Preliminary research conducted by Validcare has concluded that there is no connection between cannabidiol (CBD) consumption and liver toxicity. The study was commissioned and designed in response to FDA’s requests, including the agency’s March 5, 2020 report to Congress requesting more science-based data, so it can determine the appropriate regulatory path for hemp-derived CBD products.
During the seven-month study, which consisted of 839 participants, researchers examined potential liver effects in adults ingesting oral forms of hemp-derived CBD for a minimum of 60 days.
“The way the protocol was written and the criteria of the candidates was written, we expected to get a generally very health population, and with that you would see about a two-and-a-half elevation of liver enzymes,” Patrick C. McCarthy, CEO of Validcare, tells Food Quality & Safety. “What we got was a population of at least 70% of people on at least one medication, and they are under the care of a physician. In that population, you’re going to see on average an 11% increase in liver enzymes, and we saw 9%.”
The investigators found no evidence of liver disease and there were no reported increases in the prevalence of elevated liver function tests when compared to a population with a similar incidence of medical conditions.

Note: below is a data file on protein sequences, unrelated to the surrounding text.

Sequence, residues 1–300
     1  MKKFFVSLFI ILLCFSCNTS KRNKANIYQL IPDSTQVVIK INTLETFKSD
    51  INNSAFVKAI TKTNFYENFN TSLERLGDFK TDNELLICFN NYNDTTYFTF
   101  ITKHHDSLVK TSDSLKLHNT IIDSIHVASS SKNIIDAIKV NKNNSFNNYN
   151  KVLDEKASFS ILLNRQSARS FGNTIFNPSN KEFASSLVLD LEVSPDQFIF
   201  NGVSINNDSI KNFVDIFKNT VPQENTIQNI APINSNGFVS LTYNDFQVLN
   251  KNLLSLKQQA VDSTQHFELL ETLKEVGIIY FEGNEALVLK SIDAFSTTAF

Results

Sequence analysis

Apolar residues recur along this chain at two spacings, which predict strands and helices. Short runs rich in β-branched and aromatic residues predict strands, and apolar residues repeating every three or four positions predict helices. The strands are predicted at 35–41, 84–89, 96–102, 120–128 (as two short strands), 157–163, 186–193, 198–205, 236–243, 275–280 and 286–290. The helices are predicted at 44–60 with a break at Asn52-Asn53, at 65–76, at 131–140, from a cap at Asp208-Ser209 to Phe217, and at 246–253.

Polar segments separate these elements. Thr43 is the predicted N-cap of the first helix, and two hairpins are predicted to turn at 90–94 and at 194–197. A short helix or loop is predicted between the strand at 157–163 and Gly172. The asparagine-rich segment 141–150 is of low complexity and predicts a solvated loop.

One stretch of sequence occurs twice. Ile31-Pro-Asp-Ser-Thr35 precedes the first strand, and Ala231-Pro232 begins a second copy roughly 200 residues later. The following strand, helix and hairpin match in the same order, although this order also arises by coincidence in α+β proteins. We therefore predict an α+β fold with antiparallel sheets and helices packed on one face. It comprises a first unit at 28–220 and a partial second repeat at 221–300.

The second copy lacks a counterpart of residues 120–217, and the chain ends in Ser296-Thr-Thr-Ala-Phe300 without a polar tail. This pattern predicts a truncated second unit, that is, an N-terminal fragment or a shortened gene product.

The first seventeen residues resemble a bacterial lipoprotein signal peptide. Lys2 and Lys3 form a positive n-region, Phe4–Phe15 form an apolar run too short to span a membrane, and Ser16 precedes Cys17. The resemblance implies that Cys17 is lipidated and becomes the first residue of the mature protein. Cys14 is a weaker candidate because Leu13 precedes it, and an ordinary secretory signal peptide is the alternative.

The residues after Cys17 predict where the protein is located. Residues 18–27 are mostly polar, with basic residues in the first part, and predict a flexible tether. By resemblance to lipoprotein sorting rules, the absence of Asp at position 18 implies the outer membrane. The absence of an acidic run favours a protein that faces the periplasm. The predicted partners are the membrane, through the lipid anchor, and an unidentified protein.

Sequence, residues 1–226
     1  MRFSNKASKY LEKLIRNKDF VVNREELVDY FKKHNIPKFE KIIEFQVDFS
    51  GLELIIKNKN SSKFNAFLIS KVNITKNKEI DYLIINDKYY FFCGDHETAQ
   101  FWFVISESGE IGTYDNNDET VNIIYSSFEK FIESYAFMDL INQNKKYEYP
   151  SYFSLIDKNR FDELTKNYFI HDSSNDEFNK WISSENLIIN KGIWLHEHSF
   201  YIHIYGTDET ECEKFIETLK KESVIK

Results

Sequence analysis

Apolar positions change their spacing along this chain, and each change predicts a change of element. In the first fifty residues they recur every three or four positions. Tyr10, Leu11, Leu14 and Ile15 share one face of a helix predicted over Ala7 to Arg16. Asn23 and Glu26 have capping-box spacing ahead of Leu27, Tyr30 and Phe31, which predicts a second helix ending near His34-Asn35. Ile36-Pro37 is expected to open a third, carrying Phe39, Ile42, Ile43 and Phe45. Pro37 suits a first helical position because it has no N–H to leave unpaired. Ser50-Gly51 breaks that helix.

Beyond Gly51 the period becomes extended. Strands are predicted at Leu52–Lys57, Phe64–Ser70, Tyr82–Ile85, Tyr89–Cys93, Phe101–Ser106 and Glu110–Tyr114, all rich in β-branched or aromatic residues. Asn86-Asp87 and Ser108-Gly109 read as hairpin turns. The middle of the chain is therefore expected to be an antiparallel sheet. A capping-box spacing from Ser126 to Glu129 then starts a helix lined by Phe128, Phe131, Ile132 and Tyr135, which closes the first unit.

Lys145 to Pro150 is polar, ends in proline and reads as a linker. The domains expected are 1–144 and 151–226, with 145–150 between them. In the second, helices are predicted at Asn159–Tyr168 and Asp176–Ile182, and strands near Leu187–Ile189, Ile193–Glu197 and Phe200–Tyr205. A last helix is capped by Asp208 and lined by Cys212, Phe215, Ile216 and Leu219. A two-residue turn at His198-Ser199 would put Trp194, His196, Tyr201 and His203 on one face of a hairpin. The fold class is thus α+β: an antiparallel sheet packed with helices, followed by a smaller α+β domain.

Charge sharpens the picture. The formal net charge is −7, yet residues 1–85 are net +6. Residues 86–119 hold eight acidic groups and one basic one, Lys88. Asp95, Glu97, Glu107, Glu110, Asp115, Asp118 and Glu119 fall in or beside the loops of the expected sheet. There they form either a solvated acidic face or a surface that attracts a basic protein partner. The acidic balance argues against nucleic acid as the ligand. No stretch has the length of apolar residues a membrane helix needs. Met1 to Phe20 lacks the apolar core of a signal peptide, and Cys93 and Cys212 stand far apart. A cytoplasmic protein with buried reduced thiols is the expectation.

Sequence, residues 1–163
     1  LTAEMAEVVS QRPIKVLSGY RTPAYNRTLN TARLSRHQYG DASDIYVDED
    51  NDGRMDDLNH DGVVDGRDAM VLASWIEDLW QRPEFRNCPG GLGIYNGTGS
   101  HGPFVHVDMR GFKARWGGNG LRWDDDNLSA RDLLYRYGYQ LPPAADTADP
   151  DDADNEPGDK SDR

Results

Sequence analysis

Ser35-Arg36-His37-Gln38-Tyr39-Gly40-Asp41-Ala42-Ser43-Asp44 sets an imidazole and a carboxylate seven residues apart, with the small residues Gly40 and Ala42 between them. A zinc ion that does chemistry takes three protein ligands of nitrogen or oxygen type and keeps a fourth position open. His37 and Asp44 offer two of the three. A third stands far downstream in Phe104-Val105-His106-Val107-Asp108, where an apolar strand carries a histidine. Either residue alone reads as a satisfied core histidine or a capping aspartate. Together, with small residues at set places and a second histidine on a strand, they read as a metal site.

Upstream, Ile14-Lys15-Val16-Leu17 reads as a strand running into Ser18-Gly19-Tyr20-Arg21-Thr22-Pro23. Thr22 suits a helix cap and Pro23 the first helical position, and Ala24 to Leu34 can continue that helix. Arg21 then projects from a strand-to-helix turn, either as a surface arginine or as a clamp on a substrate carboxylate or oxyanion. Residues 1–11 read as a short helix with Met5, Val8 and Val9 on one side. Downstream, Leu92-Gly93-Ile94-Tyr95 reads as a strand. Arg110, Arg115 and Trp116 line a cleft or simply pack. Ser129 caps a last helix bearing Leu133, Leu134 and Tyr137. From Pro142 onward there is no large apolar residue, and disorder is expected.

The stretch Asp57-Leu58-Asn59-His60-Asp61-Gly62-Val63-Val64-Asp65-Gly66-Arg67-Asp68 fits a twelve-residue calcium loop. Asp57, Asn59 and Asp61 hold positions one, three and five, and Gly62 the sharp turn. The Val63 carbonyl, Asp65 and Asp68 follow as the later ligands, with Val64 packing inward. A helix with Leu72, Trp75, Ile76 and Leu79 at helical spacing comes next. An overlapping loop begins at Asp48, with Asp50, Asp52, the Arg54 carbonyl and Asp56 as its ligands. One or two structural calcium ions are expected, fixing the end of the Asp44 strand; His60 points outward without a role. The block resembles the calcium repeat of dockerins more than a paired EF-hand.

Winston Peki, owner and editor of herbonaut.com, a website specializing in reviewing CBD and cannabinoid-related scientific articles, said that aspect that deserves more attention. “The study’s investigators were surprised to find almost 70% of study participants reported having a medical condition and taking medications for those conditions, without an increase in reporting of adverse events,” he tells FQ&S. “From my five-plus years of researching CBD, I’ve come to the conclusion that potential interaction with pharmaceutical drugs is the biggest health risk related to CBD use.”
Still, this is just one study. FDA has warned that some cannabis plant components could be toxic to the liver.
Validcare is working on a larger cohort now to offer more data on liver safety. Those findings will hopefully be released later this year.